Texas Attorney Generals Child Support Division Sets Record with $3.6 Billion in Child Support Collections
AUSTIN Texas Attorney General Greg Abbott’s Child Support Division set a new annual collection record, by collecting more than $3.6 billion in child support for the state fiscal year that ended Aug. 31. The $3.6 billion in collections benefitted 900,000 families. To date, more than $27 billion in child support has been collected since Attorney General Abbott took office in December 2002.
Efficient, effective child support collections help ensure that young Texans have the resources they need to grow healthy and strong, Attorney General Abbott said. Thanks to the hard work and dedication of Child Support Division employees, child support collections continue to increase in the State of Texas. This success not only helps children all across the state, but it also ensures that parents not the taxpayers financially support their children.
The Texas Attorney General’s Child Support Division ranks first in the nation for the amount of child support collected, a position it has held for the past six years. Since 2002 the first year of Attorney General Abbott’s tenure Texas’ collections have grown by 142 percent, more than triple the national average of 37 percent.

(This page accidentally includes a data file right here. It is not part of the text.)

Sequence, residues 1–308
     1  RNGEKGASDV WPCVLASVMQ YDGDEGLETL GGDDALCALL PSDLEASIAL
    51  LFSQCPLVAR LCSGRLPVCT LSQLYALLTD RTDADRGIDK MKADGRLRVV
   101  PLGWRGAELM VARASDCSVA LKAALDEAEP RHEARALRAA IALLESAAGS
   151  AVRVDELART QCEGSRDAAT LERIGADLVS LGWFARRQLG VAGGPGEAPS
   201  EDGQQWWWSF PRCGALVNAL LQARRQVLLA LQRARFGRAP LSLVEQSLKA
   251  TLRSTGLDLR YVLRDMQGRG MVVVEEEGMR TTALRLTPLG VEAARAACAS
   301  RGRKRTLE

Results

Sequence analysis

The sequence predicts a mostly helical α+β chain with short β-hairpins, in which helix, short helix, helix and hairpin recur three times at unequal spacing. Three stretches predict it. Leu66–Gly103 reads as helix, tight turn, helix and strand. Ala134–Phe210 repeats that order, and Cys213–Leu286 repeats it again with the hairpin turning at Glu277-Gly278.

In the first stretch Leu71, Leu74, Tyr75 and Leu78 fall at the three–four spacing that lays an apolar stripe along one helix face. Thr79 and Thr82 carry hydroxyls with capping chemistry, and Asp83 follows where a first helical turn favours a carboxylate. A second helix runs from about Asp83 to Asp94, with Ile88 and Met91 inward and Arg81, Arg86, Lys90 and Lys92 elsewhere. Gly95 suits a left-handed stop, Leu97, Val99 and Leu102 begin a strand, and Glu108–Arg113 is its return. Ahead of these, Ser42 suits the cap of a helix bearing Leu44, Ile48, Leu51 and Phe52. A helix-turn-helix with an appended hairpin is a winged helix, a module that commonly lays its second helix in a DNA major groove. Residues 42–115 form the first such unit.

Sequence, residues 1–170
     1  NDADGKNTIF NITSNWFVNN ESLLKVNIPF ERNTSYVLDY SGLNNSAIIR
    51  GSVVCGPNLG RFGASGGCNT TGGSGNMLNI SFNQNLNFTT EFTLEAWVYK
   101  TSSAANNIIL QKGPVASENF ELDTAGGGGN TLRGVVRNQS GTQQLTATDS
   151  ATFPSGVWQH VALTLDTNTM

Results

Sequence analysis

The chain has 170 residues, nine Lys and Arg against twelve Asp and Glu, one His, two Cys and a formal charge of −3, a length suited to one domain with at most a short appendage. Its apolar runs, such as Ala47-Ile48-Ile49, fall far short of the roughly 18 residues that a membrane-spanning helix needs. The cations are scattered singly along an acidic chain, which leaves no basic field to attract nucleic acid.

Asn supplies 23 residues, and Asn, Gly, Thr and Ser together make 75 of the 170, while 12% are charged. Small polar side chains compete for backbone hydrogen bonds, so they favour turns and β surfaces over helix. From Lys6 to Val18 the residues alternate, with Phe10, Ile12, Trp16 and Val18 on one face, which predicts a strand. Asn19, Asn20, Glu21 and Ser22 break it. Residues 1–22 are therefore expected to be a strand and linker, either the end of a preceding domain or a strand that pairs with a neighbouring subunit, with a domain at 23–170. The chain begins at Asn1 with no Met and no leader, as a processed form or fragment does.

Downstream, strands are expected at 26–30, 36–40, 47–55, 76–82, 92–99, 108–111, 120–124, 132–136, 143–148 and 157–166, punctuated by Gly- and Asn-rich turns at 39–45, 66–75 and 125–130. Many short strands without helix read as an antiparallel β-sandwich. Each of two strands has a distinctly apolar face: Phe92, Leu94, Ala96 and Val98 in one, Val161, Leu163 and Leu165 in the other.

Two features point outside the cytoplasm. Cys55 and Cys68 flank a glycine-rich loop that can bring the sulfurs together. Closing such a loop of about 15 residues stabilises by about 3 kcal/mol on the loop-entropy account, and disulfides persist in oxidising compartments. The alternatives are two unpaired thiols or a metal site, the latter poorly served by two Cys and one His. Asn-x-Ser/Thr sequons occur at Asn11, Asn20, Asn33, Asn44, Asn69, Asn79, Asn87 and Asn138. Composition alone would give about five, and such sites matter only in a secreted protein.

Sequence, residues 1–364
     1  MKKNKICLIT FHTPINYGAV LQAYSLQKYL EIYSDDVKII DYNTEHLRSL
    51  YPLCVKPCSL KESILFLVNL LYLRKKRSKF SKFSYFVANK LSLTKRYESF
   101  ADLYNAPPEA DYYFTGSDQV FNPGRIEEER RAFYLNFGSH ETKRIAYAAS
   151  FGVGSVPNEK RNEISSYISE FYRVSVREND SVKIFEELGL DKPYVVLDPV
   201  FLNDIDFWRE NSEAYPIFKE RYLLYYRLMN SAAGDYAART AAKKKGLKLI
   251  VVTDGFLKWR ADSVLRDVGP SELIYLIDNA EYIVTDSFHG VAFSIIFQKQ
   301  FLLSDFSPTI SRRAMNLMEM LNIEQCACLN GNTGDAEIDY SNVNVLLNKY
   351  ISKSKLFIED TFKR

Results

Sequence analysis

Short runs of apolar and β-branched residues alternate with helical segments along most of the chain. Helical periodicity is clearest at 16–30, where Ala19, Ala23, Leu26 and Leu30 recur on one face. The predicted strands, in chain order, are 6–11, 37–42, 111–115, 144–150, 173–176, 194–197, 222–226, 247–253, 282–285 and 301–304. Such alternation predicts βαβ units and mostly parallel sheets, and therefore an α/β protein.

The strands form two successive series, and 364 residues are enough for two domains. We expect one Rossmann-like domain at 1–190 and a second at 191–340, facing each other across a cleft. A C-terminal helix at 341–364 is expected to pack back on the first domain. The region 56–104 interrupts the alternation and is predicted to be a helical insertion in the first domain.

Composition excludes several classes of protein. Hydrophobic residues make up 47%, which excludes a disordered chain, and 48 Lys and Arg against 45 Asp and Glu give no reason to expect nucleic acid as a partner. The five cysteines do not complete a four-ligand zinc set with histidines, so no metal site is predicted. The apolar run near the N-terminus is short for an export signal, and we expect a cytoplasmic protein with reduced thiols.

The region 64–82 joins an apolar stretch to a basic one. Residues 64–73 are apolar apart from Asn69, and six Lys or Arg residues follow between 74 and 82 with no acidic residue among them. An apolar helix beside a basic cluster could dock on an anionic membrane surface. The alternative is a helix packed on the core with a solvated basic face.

Since 2006, the Texas program has received the highest incentive payment in the country based on its overall performance on a variety of measures the federal government uses to rate each state’s child support enforcement program. The Texas child support program is a national leader in productivity and efficiency. Annual collections per Texas child support employee averaged $1.28 million in 2012, which is a 138 percent increase over the national average of $536,868. In addition, by collecting $11.11 for every dollar spent, the Texas program ranked second only to South Dakota, and surpassed the national average for cost effectiveness by 105 percent.
The Texas Attorney General’s Child Support Division helps families lead lives of dignity. The $3.6 billion collected last year helped more than 252,000 parents who once received Temporary Assistance for Needy Families (TANF) maintain their self-sufficiency without public assistance.
In addition to improving the lives of Texas children, the Child Support Division helps taxpayers. By ensuring that parents rather than taxpayer-funded public assistance programs financially support their children, the Child Support Division saved taxpayers an estimated $1.76 billion in state fiscal year 2012, because child support payments those families received reduced their need for TANF, food stamps and Medicaid.
Under state and federal law, the Office of the Attorney General can assist families who request child support services and must serve families who currently receive or have received public assistance. Services offered by the Texas Child Support Division include locating absent parents; establishing paternity for children born to unmarried parents; establishing, enforcing, and modifying child and medical support orders; and collecting and distributing child support payments.